All of this looks like the same advice you would get for advancing your career. There really is no difference except for one. With financial independence and the kind of early retirement I am talking about here you have retired from a must do career-driven mindset to a want to passion-driven mindset. That mind-shift makes the things you need to do feel like they are accomplished much easier.

What do you think about the absence of needing to work defines retirement, not the absence of working? Once you reach financial independence and this alternative definition of retirement as are you planning to pursue new opportunities of interest?

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9 thoughts on “The Absence of Needing to Work Defines Retirement

  1. Absolutely! Years ago, we started talking about “financial independence” (or F-I) rather than “retirement.” One of the obvious ways to be free: don’t be a slave to debt. If you’re in debt, you can’t pick and choose.

    A friend of ours started talking about her “advancement” rather than her “retirement.” Her idea was that she was about to advance to new opportunities, and that this was more important than what she was leaving behind. She’s been “advanced” for a few years now, and certainly spends very little time “retiring.” In fact, her friends all tell her she’s still way too busy!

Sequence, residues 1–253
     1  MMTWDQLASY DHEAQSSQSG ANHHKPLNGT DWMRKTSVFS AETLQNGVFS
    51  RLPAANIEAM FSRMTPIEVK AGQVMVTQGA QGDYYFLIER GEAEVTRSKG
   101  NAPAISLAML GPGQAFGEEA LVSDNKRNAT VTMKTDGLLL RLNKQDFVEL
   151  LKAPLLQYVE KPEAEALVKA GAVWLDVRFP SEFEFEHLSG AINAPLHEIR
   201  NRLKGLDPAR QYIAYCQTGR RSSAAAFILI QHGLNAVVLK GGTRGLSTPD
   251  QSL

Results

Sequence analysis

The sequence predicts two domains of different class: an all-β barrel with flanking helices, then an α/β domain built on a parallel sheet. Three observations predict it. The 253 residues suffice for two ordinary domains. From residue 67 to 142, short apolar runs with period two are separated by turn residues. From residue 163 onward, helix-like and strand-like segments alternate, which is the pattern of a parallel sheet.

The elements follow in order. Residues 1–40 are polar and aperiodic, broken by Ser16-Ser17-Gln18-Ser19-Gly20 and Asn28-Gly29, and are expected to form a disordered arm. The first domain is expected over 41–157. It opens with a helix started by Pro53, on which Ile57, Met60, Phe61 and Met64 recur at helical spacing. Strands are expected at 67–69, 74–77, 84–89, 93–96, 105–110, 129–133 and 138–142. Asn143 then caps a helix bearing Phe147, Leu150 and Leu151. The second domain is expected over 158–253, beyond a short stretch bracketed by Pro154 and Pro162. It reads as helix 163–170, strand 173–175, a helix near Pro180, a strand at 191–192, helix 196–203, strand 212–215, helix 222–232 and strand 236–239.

That’s our goal!

    1. Hi Paul and thanks for the comment. I think there are a lot of people who get hung up on the word retirement. I think people will start to see FI and Advancement (I love that) as the new definition for their next phase of life, a worthy goal to shoot for.

  2. You were financially independent earlier, and people have trouble with your retiring early and often because you’re just not the right age, sorry.

    Many older people retire at 65 while their spouse still works to support them. But it’s ok to call them retired even if they’re not financially independent.

    I’m a stay at home mom and have left the work force. Not financially independent, but never have to work again. So, I wouldn’t meet your definition of retired.

    I think the only definition of “retirement” that is universally accepted is when people stop working because they’re too old!

    1. Hey CheapMom, thanks for the comment. My first thought about your parting comment was how sad “I think the only definition of “retirement” that is universally accepted is when people stop working because they’re too old!”. That would mean to me saving for when I am done with life and saving more out of fear than motivated by the freedom of FI. As to your non-work but not FI feeling status, I say if you are living your life on your terms and able to pursue your passions then why can’t you say you are retired? Retired from a career-mindset. Wealth is a state of mind and you are wealthy to be able to live your life as you are doing. There are some successful FI bloggers who are stay at home while their wife still works who call themselves early retired.I just think the world is different now and the definition of retirement will change although slowly.

  3. You and I are on the same page Tommy. This is why I focus on becoming FI. Once that happens, any work I do will be firmly driven by the desire to work itself and not based on compensation. To me, that is such an awesome place to be in life and in thinking!

    1. Hey Stefanie, thanks for stopping by. I agree and believe most people would too if they don’t wait to retire until they are too ill of health to do other things. The trick is set the goal of FI rather than an age to retire and then retire to this new mindset.